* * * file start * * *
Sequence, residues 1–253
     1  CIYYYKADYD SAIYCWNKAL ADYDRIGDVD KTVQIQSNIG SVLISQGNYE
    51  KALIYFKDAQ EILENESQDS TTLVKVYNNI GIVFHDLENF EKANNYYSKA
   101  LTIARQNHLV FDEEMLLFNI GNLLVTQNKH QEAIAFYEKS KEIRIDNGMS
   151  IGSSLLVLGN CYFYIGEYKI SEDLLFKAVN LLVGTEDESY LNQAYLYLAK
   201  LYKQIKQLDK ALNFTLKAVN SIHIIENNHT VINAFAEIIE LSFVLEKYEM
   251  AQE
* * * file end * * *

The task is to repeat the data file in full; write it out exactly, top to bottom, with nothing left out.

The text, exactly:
Sequence, residues 1–253
     1  CIYYYKADYD SAIYCWNKAL ADYDRIGDVD KTVQIQSNIG SVLISQGNYE
    51  KALIYFKDAQ EILENESQDS TTLVKVYNNI GIVFHDLENF EKANNYYSKA
   101  LTIARQNHLV FDEEMLLFNI GNLLVTQNKH QEAIAFYEKS KEIRIDNGMS
   151  IGSSLLVLGN CYFYIGEYKI SEDLLFKAVN LLVGTEDESY LNQAYLYLAK
   201  LYKQIKQLDK ALNFTLKAVN SIHIIENNHT VINAFAEIIE LSFVLEKYEM
   251  AQE